Another record shop memory… Scream Records in Southgate always had loads of fresh music from Hardware & TOV so I used to head up there on the 298 bus to get my fix of darkness. I got ‘Roadblock’ on white label and played it in my bedroom relentlessly, claustrophobic stomping tech that my neighbours loved. It wasn’t until years later and they stopped writing music and passed into legend status that I realised this was the first ever Konflict record – what a way to start your career!
Ryme Tyme ‘We Enter’ (Optical remix)
This was another of my early vinyl purchases, a track I learnt to beatmatch with. It’s so driving, the beats are militant with that clangy snare then the extra breaks and bass roll in around 2:15 and it really takes off. Ed Rush & Optical laid down the blueprint for a whole new style of DnB that some of us have never stopped playing. When I was first buying records, this style was all I would buy and earned me my nickname of ‘The Filthmaster’ which soon became shortened to Philth – big up Immerse for coming up with that name, it’s stuck for 20 years.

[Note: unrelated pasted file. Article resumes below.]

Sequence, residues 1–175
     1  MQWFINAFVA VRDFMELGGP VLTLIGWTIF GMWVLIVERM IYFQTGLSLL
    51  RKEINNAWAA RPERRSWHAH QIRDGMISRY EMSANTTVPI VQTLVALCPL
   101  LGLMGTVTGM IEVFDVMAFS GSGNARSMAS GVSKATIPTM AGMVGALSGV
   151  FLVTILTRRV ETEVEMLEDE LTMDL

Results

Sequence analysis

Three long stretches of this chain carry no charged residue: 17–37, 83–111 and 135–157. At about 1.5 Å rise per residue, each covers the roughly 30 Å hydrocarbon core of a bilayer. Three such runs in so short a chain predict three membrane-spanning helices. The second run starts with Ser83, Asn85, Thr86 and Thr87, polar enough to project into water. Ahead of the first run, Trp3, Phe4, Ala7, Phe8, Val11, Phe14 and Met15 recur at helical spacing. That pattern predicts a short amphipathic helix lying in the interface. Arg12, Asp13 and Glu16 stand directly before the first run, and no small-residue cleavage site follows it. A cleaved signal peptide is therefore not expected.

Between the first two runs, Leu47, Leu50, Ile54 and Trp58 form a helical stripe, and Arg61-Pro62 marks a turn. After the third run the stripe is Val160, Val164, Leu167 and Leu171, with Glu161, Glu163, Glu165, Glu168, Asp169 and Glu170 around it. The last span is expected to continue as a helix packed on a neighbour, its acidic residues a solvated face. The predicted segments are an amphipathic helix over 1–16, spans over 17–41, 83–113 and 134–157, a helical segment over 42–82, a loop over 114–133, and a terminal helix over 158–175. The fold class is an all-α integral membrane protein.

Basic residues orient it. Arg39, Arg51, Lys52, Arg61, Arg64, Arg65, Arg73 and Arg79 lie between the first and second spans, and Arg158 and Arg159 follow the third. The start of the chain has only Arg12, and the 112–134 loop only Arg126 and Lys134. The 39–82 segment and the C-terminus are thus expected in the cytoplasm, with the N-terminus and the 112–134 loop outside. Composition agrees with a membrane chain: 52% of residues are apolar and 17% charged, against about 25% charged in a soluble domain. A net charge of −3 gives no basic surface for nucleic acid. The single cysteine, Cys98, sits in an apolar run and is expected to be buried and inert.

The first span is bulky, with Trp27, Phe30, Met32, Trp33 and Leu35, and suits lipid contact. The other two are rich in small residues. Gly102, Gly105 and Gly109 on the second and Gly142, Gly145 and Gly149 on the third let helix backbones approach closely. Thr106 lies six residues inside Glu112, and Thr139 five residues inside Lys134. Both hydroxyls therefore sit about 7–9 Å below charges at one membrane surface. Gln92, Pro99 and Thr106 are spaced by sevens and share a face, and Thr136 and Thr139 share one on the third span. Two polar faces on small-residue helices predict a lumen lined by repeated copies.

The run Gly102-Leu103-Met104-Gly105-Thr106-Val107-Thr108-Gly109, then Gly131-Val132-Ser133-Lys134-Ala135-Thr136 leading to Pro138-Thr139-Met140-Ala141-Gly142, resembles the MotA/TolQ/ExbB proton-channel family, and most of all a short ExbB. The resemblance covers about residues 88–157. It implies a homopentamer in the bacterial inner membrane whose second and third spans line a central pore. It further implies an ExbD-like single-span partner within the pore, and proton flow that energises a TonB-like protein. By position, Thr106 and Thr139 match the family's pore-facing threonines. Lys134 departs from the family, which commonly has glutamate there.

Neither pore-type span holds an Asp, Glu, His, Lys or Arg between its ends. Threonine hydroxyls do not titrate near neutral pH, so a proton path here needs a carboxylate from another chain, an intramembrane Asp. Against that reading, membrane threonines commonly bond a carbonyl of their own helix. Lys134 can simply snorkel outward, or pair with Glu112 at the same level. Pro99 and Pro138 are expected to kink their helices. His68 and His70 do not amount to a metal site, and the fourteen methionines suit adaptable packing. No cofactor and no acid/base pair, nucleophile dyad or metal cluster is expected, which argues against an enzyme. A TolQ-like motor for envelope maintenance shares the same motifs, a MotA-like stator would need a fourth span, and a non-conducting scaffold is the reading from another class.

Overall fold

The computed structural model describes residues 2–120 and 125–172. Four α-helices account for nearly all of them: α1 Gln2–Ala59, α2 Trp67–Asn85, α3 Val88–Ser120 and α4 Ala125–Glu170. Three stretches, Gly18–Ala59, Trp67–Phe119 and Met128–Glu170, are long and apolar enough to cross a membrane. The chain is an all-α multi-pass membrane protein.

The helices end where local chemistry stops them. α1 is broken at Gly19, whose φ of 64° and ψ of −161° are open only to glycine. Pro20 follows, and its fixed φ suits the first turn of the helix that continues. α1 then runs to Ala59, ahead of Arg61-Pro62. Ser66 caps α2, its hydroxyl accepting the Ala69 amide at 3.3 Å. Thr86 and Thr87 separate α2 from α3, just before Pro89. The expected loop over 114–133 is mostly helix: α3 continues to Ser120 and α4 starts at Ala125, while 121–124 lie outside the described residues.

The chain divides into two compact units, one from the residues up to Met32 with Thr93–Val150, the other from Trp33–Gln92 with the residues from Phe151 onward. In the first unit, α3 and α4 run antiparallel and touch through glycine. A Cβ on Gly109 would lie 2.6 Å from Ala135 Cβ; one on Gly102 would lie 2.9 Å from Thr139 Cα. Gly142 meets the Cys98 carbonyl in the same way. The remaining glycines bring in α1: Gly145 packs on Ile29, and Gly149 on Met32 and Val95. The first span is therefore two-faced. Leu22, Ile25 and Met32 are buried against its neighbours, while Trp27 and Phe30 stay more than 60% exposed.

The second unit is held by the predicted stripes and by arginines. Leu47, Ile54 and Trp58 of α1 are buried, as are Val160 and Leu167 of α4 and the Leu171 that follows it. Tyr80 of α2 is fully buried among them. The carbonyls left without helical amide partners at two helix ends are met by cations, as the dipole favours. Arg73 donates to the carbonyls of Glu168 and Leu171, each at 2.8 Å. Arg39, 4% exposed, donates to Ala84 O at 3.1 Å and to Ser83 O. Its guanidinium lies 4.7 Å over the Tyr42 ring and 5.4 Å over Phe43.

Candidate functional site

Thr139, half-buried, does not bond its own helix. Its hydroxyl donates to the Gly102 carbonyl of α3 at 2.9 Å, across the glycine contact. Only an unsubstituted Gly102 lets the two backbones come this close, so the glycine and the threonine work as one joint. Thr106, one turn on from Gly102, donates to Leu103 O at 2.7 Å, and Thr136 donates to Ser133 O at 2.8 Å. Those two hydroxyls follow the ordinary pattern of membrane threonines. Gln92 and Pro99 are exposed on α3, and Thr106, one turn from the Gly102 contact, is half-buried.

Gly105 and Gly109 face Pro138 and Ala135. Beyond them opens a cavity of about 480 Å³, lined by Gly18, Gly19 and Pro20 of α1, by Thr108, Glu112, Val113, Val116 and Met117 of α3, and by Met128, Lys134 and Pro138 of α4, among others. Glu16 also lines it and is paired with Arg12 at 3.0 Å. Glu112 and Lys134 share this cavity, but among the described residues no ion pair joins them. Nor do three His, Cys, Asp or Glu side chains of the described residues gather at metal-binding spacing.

I could have picked ten tunes just by Marcus Intalex, and I’ve opted for one of the less famous tracks from the early 2000’s period where Marcus & ST Files were paving the way with this sound. They opened up the door to soul music for me, and I don’t just mean liquid, I mean digging through classic soul music wanting to know where they found all these incredible samples. I gradually built up a collection of these early liquid-funk records and started my journey into the deeper side of DnB, thanks to Soul:R and Artificial Intelligence.
Artificial Intelligence ‘Uprising’
I discovered AI at the same time as Marcus Intalex and realised there was more to DnB than just vicious techstep. I loved how the deep atmospheres in their tunes combined with the big bassline to still rock the dancefloor but take you to another place entirely. I’m lucky to now work with these guys as Phil:osophy and my musical heroes have become my friends. I always wanted to know how they got the bass in these tunes to be so big and heavy and one day asked Zula in a backstage room somewhere. The answer? Whack up the fader past the sensible level until the bass is louder than everything in the tune.